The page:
Mammals we saw while canoeing included River Otters, Beaver, Muskrat, and Black Bear. A Least Chipmunk at Sand Lake was our easternmost one ever. One rainy afternoon Eileen was sitting all wrapped up in blankets in her chair, under the camper awning, while I was working on e-mail inside. She heard a nearby White-tailed Deer with two fawns give a snort, and then caught motion out of the corner of her eye, near the back of the camper. She looked up to find herself 9 feet from a large Black Bear that had just walked around the camper, with nothing in between them! She stayed calm, talking softly to the bear. After surveying his domain, he slowly padded off; I got to see him about 20 feet away as he was leaving. Eileen still has chills remembering the encounter!
We did not expect to see many new plants given the number of years we lived and botanized in the northeast, and so were pleased to encounter nine life species. Perhaps the most exciting was seeing Phragmites americanus, a recently recognized native species of grass. Phragmites australis is an invasive, non-native species, which is sometimes suggested as the most wide-ranging plant species in the world. This tall wetland grass, somewhat bamboo-like in character, is found in marshes and along rivers everywhere in North America. Its widespread occurrence masked the presence of one or two very similar native taxa of Phragmites in the U.S., and I have only seen criteria for their separation recently. But we were in the right place at the right time. In autumn, the leaves of the native species (but not the invasive species), which wrap around and encircle the stem, fall off, exposing the stem to sunlight. The UV in the sunlight causes the stems to turn cherry red, probably from anthocyanin dye, making the native P. americanus temporarily obvious.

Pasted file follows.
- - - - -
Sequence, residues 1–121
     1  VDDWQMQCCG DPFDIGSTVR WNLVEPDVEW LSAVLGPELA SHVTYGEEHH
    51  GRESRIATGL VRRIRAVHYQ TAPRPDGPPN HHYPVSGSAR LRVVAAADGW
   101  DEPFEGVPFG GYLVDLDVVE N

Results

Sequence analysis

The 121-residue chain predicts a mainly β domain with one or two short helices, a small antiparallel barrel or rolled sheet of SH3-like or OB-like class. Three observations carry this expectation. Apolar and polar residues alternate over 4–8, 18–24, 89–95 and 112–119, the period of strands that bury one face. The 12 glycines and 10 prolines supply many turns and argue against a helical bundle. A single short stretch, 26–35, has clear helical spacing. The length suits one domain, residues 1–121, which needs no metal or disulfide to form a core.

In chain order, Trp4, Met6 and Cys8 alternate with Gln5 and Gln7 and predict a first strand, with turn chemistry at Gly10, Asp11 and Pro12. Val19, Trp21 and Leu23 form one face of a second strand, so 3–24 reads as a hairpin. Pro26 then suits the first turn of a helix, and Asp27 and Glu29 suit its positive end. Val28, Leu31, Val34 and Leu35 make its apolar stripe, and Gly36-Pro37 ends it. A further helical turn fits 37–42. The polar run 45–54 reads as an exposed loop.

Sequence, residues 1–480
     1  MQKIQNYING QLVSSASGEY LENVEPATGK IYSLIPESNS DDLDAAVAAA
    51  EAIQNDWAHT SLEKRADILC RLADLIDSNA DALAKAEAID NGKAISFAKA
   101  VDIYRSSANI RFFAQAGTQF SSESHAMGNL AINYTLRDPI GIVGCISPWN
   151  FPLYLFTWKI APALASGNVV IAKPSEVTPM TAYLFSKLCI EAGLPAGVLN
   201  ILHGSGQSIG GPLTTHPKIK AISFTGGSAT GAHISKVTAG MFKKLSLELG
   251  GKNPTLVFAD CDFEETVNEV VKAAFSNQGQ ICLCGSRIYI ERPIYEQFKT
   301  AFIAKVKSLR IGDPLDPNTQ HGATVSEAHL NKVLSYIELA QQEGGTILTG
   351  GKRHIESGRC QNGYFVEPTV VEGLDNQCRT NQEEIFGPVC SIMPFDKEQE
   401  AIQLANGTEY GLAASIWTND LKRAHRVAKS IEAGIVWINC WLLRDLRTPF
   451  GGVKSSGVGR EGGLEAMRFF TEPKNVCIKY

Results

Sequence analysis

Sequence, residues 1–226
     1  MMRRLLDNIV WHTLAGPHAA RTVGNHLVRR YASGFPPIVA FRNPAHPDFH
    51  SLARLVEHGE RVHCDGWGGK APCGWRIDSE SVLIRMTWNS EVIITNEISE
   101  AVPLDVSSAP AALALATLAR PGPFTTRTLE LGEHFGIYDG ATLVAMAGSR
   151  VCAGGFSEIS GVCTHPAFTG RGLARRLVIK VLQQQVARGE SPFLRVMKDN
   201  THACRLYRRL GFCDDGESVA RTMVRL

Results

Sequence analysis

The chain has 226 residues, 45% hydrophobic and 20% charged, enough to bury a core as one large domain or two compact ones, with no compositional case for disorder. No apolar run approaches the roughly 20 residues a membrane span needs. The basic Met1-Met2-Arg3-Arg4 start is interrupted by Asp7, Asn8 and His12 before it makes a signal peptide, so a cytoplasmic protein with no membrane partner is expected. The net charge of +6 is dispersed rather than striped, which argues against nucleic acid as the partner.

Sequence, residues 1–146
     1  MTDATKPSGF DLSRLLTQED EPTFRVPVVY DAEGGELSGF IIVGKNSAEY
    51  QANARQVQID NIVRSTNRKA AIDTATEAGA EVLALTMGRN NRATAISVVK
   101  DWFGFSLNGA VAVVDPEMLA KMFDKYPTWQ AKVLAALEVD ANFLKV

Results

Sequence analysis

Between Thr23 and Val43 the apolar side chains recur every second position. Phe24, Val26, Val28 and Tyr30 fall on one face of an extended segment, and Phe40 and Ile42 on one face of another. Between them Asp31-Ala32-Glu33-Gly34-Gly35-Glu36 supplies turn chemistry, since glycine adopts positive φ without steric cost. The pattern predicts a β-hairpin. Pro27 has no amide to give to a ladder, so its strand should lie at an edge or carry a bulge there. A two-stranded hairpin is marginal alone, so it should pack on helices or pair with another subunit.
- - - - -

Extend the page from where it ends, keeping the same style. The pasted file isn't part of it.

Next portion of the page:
Another new plant was Crataegus chrysocarpa, a hawthorn tree. Crataegus arguably provides the greatest identification challenge of any genus of vascular plants in North America, so it is always a cause for celebration when I can nail one down. Polypodies are common ferns in the northeast, but genetic studies indicated that the American plants should be separated from the European plants and placed in two very similar species, creating a difficult identification problem. We probably have seen both species many times, but had confidently identified only one. But fortunately, Minnesota only has the other species, Polypodium virginianum, and we saw it many times during the month. Other new species were two shrubs (Rosa blanda and Viburnum rafinesquianum), two sedges (Scirpus atrovirens and Schoenoplectus heterochaetus), a pondweed (Potamogeton obtusifolius), and a willow-herb (Epilobium leptophyllum).
Although we expected that we would see some nice fall color while in Minnesota, it turned out to be outstanding! We saw superb stands of golden Quaking Aspen (Populus tremuloides), yellow Paper Birch (Betula papyrifera) and Sugar Maple (Acer saccharum), as well as fine scattered Red Maples (Acer rubrum). By the end of our stay, a few tamaracks (Larix laricina) were starting to turn yellow; this tree, also called a larch, drops its needles in the fall, unlike other conifers. By traveling south in October, we can hope that we will “keep up” with the leaf change and so enjoy an extended season of fine fall color!